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Re: [Sartre] Re: Sartre on Nationality and Sexuality

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  • Christopher Bobo
    I can t think of a society that did not seek to care for its children. And even if the Maori did not work as hard as those wonderful, stiff upper lip Brits,
    Message 1 of 29 , May 27, 2001
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      I can't think of a society that did not seek to care for its children. And even if the Maori did not work as hard as those wonderful, stiff upper lip Brits, surely they did enough work to feed, house and transport themselves--they didn't just sit around and starve and allow their children to wither away, did they?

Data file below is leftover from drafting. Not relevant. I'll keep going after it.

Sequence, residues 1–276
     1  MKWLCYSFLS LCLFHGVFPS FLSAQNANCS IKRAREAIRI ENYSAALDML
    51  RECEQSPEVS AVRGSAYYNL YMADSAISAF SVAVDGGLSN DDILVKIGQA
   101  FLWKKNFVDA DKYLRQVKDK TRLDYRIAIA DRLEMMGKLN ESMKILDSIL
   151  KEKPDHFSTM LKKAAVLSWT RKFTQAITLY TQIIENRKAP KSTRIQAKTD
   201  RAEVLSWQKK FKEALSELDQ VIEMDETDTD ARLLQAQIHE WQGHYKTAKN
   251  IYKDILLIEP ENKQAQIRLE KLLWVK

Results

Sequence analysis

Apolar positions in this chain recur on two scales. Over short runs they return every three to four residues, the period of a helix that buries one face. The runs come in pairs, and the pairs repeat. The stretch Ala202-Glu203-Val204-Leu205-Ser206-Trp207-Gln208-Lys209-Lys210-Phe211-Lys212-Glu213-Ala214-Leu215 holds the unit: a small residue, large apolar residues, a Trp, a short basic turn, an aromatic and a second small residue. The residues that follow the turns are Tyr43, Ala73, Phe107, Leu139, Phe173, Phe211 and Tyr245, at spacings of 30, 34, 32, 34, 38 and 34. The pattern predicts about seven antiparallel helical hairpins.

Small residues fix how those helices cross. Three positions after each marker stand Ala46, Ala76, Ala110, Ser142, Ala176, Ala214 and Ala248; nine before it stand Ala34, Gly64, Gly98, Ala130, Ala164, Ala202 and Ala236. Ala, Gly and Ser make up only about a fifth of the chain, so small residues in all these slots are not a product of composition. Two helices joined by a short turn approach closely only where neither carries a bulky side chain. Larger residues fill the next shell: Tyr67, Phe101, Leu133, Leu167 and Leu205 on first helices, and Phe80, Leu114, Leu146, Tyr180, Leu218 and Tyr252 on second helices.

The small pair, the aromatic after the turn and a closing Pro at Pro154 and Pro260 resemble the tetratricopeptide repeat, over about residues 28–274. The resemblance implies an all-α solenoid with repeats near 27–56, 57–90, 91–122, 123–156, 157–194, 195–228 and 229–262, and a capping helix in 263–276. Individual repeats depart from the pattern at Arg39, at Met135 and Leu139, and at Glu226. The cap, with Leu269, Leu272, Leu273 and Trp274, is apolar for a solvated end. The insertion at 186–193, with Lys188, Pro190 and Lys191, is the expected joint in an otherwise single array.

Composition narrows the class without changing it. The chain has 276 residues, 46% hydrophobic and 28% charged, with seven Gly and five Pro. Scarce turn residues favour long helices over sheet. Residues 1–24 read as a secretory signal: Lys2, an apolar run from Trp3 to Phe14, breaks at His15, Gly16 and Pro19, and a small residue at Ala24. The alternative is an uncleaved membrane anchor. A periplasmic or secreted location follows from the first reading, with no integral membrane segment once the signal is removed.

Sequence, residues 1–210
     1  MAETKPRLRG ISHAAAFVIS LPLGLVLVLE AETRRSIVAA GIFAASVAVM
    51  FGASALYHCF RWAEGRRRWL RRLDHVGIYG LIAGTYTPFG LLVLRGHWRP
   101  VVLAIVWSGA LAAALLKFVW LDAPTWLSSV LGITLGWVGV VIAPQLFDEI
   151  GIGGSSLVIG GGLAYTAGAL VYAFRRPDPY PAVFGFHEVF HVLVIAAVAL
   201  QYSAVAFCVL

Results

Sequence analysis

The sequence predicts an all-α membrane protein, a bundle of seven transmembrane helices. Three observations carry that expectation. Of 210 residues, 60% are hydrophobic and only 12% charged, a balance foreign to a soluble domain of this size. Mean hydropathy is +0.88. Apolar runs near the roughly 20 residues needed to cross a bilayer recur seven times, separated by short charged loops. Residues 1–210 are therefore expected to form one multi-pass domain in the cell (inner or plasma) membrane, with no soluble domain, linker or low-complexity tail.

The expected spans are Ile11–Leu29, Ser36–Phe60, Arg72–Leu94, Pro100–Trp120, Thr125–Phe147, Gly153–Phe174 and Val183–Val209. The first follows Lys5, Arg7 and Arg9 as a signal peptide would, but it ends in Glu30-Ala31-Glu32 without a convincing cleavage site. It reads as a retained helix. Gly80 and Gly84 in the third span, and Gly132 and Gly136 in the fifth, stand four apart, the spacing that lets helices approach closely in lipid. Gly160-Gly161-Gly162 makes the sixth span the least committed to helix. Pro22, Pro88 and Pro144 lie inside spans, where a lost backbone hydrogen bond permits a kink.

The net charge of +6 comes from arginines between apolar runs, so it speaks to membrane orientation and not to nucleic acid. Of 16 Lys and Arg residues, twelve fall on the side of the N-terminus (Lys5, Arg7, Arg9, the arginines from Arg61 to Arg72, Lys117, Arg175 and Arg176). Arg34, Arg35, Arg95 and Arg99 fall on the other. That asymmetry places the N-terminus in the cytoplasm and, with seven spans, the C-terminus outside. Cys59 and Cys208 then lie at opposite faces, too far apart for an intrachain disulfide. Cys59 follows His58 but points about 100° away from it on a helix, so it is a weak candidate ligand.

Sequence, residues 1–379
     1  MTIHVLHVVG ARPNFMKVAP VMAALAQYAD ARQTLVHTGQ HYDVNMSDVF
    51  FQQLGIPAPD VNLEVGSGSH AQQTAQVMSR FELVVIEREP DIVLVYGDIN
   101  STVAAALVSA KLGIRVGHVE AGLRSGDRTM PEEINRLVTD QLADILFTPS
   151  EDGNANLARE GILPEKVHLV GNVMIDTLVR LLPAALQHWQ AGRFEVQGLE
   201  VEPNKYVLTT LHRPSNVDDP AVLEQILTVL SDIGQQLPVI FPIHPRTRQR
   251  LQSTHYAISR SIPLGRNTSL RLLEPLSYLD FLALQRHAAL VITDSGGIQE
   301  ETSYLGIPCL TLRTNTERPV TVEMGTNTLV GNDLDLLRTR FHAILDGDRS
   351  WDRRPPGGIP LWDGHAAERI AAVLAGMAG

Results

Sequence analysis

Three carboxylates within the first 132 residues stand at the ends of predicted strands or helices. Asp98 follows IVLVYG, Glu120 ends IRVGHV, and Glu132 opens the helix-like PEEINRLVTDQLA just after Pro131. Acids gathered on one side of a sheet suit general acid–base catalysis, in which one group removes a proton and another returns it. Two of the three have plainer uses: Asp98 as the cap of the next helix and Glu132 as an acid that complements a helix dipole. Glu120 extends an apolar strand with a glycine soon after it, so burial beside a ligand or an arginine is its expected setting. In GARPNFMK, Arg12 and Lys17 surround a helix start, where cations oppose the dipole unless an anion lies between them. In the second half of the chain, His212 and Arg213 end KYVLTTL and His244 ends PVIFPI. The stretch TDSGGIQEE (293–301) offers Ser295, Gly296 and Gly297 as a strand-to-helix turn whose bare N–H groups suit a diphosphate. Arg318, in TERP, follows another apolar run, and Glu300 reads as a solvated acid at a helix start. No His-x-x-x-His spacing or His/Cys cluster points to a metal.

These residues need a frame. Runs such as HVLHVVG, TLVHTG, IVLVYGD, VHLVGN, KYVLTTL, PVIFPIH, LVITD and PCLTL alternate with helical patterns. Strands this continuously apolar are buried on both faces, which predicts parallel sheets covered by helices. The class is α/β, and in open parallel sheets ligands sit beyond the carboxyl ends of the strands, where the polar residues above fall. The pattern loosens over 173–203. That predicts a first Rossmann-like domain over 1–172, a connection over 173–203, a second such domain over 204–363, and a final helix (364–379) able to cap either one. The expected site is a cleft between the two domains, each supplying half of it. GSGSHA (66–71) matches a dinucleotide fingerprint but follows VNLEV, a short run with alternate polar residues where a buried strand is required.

----- Original Message -----
      From: Catherine Onellion
      Sent: Sunday, May 27, 2001 6:47 PM
      To: Sartre@yahoogroups.com
      Subject: Re: [Sartre] Re: Sartre on Nationality and Sexuality
       
      Values shift across time. Children weren't always cared for or
      protected, nor were they always educated. Hard work was not prized in
      early polynesian societies (eg. the Maori) before they were colonised by
      the British Empire. The things which you list below may 'seem' like they
      are the norm but at one time or another, they were not. In the future,
      they may become 'not the norm' again.


      >What is it that is continually shifting across culture and time?  Most
      cultures at all
      times adhere to the same norms.  Piety, respect for authority, obedience
      to the law,
      respect for elders, care for children, the value of hard work, etc.
      These were as
      esteemed in all cultures of the ancient world as they are today.

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